Debamalya, 12 hours ago
How To Protect Yourself On Social Media
Social media sites and apps are some of the first places to go when trying to look for people. The more information a person supplies, the easier it is for them to be found.
For people building a social media profile for a business or personal gain, the more data, the better.
In the case of someone who respects their privacy, there are steps to take to ensure limited information is made available.
Here are the ways to protect yourself on social media and tips on what friend requests to avoid.
Social media is the most accessible free people search option. Type in a person’s name and a lot of information is instantly available.
Whether setting up a social media profile for the first time or checking the status of an existing one, the first step is to do a self-search.
Typing one’s name into a search engine could bring up surprising results. This is best done from a browser, not on the person’s existing computer, as cookies may provide incorrect details. Even Google’s incognito mode on the same laptop might still access saved cookies.
Before creating any social media profile, decide how much information to share. Avoid any details that make it easy for a stranger to find you. For example, don’t list physical addresses.
Personal details like birthday dates are fine, but leave out the year. Armed with just this information, hackers can create fake profiles.
Never provide unique details like student ID or social security numbers. Instead, blur these details out on any images that contain them.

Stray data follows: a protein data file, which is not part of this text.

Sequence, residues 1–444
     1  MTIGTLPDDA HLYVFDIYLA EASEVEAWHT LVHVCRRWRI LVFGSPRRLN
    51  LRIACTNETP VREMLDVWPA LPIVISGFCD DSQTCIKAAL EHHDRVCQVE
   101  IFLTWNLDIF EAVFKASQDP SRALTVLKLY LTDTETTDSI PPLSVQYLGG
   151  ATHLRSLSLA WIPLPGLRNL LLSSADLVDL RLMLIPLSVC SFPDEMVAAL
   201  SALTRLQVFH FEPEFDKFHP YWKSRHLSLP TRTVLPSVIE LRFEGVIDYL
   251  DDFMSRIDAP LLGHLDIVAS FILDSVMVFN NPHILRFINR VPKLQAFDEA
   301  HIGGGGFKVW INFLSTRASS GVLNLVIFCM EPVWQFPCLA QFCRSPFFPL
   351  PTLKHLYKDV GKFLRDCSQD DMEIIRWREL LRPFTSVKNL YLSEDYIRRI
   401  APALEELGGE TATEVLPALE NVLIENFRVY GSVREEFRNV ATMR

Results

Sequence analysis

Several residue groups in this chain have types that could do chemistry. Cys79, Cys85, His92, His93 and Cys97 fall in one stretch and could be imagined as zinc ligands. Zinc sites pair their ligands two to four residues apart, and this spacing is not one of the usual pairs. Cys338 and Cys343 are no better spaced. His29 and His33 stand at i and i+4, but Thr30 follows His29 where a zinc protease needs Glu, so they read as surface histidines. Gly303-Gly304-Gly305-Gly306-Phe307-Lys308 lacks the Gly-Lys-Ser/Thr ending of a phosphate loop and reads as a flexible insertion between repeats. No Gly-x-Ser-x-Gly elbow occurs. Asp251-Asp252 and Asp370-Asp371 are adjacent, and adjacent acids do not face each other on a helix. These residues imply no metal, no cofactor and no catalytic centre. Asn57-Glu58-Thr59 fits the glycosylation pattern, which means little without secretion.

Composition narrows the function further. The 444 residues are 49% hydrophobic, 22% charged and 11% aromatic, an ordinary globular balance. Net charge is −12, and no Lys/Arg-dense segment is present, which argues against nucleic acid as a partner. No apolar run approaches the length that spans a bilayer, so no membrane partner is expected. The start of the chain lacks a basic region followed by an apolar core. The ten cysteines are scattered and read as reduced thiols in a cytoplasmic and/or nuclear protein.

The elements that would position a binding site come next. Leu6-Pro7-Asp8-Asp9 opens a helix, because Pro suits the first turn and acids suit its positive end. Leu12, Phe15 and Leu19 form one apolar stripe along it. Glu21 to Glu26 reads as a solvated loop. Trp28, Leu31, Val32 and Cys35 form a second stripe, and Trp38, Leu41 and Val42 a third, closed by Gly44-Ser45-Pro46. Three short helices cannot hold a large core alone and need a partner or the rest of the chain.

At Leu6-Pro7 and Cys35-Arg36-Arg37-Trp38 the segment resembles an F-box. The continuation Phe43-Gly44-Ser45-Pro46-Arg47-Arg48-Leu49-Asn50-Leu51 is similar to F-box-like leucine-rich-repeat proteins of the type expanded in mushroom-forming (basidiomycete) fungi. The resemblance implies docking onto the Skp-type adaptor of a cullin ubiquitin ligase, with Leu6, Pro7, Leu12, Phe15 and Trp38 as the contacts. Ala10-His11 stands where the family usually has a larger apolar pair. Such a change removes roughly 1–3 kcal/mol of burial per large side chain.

When creating a profile, deciding who can view what on any social media platform should be top of the list. Here’s how to do this in the leading apps.
Facebook also has a Privacy Checkup feature, which runs through all the current settings and offers suggestions on what can be adjusted.
To escape unwanted attention from strangers, here are some behaviors to avoid.
As fun as it might be to let others know of places to go and things to see, the ‘Check In’ feature has two drawbacks.
Pro tip: By all means, ‘check in,’ but do it after the fact. Never revealing instant details makes it harder for unsavory characters to find you.
Be wary of friend requests from people you don’t know and ones from existing friends with another profile.
This isn’t to say that every anonymous friend request is bad. Check their profile page; if they have many mutual friends from everyday activity, they may be a legit contact.
Requests from profiles with little to no data should be deleted immediately.
If you get a friend request from a new profile of an existing friend, there’s a chance their account has been hacked. This ‘new’ profile is the hacker trying to access other accounts.
Message the friend in the original profile, and see whether they have a legitimate new profile. To avoid being tricked by a hacker, ask your friend a question only they will know the answer to.
The statement, ‘nothing ever gets deleted from the internet,’ holds true.
Clicking yes on things like privacy acceptances and terms and conditions means giving that site permission to use those details however they like.
Before posting a picture of looking cute in this year’s latest swimsuit, consider if a future employer will do a search and encounter the photo.
To protect yourself even further, make smart choices about everything that gets posted online.
The easiest way to protect yourself on social media is to make intelligent choices.
Decide how much or how little information you want to share. Set strict privacy controls on whatever app you use. If you have an existing profile, consider running a privacy check.
Don’t check in if you don’t want to be found, and don’t accept friend requests from unknowns.
Savvy choices make for better security.